Using Navigation Analysis in Google Analytics

Michael Wiegand, Director of Analytics

Updated on February 2, 2022 to include new advancements in Google Analytics since the original publication of this post in 2007 (!).

Ages ago, our founder Ian Lurie wrote this piece on navigation analysis in Google Analytics. Coincidentally, it was published in 2007. I would join Portent later that year, fall in love with digital marketing, and begin building the infrastructure that would become our analytics team.

Reading back through his original post, I was struck by a few things:

  • How old the screenshots looked (800 x 400 pixels was considered a pretty high-resolution screenshot back then).
  • How crude but effective the old Google Analytics UI was (simple line art icons and Arial font family as far as the eye could see).
  • How little the substance of these reports has changed over the years (analyzing content on the web is still pretty simple).

So let’s dig into what’s changed and how to make the best use of navigation analysis in Universal Analytics.

Navigation Summary

To get to the Navigation Summary report, go to the Site Content > All Pages report. Up at the top, near the Explorer tab, you’ll find Navigation Summary.

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Once there, you can use the Current Selection dropdown to choose a page that’s the starting point for your analysis. For this example, we’ll look at Portent’s Services page.

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When your page is selected, you’ll see two tables below it:

  • Previous Page Path – the pages they saw immediately before your selected page
  • Next Page Path – the pages they saw immediately after your selected page

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By default, it shows the Top 10 Previous and Next Page Paths, but if you have a massive website and need to see more, you can show up to 500 rows.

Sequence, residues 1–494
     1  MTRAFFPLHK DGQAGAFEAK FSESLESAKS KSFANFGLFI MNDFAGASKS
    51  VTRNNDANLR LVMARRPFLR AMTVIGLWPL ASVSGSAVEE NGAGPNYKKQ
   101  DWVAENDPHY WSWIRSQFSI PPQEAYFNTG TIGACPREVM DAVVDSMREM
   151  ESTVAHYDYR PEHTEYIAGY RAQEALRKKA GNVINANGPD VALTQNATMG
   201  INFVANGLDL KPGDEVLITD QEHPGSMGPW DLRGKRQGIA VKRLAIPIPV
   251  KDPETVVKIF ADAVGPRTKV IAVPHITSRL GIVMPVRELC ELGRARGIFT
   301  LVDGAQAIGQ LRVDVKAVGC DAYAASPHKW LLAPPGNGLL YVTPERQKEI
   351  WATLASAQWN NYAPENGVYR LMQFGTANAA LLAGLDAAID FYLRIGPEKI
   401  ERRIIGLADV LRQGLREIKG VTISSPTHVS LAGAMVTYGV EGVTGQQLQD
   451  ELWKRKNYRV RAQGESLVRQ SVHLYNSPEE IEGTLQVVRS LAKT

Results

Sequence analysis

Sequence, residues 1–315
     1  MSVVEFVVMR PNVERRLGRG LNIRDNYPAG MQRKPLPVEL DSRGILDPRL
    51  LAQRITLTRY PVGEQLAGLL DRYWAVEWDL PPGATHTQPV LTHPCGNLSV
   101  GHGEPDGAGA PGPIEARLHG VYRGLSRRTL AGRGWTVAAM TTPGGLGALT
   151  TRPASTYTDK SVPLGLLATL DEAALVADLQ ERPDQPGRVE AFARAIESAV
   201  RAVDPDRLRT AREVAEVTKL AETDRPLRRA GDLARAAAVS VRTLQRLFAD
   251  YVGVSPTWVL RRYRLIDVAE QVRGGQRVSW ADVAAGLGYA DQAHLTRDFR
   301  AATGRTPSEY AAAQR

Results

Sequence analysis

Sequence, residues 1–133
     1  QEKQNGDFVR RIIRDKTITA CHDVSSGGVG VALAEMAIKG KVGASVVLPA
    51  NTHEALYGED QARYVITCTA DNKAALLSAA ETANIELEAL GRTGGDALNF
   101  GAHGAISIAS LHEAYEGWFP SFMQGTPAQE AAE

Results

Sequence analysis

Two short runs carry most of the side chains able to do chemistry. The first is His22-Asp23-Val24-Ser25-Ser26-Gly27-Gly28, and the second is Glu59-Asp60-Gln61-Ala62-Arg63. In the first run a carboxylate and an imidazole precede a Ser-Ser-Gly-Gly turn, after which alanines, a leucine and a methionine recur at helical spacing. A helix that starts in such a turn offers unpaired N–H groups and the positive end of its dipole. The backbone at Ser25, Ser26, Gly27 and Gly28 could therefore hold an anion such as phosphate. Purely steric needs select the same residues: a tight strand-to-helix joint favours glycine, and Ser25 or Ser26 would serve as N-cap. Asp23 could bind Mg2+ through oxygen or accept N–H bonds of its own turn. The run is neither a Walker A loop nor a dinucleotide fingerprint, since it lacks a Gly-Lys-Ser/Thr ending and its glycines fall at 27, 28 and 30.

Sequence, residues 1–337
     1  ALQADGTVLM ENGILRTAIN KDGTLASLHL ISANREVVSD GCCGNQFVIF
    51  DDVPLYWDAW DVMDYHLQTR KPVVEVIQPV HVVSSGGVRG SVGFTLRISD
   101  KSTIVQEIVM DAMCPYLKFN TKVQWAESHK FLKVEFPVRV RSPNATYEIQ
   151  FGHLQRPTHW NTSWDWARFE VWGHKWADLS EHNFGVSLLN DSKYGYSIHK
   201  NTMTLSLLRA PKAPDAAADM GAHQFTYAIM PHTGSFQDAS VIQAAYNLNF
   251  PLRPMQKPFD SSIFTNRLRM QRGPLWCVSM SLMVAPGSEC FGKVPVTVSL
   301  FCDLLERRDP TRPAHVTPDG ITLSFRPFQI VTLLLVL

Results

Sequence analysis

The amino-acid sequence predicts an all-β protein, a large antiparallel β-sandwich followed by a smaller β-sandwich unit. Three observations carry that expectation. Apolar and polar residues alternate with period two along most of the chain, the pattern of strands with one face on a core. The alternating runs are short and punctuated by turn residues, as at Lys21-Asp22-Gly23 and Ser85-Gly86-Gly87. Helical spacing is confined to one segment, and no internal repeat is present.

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What are you looking for in the data?

A good rule of thumb is the 5% rule. If a user navigates to or from your selected page more than 5% of the time, that’s a meaningful click-through rate. Particularly, if your selected page has a sample size of over 1,000 pageviews in the time span you’re looking at.

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This analysis can also help you identify navigation loops or “u-turns” in your user behavior. In this case, the top previous page and next page paths are both the Homepage of our site. We can use this knowledge to try and entice visitors to our Services page to click on other content sooner, offering them an above-the-fold call-to-action.

Reverse Goal Path

The next most valuable navigation analysis you can do after you’ve understood the basic navigation summary is to look at the Reverse Goal Path report.

It’s easy enough to find, under Conversions > Goals > Reverse Goal Path.

Once you’re there, it’s important to try to solve a specific question. In this case, I want to know how many people read a blog post before filling out our Contact Us form and what pathways they took to that goal. That’s easy enough to do by: